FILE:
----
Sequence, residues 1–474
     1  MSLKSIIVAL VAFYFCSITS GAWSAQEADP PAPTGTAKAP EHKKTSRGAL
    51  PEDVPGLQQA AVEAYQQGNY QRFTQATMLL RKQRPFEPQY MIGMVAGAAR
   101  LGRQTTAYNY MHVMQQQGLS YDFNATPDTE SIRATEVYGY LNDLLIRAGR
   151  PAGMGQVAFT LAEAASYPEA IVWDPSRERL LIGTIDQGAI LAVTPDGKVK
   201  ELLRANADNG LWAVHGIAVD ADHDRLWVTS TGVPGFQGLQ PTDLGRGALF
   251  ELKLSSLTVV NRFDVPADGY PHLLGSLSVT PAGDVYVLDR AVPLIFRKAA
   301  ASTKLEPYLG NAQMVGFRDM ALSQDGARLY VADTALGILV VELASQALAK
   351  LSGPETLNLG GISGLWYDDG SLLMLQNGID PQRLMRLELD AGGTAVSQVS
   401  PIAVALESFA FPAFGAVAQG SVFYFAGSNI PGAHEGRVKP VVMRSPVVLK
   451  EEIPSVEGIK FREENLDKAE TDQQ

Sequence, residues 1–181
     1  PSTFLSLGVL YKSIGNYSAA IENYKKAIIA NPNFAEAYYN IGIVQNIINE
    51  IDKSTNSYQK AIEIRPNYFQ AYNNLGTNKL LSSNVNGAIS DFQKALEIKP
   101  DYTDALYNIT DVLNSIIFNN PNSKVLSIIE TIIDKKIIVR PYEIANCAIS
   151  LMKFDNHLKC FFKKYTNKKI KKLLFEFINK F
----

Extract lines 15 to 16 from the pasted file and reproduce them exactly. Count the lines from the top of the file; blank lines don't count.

   101  DYTDALYNIT DVLNSIIFNN PNSKVLSIIE TIIDKKIIVR PYEIANCAIS
   151  LMKFDNHLKC FFKKYTNKKI KKLLFEFINK F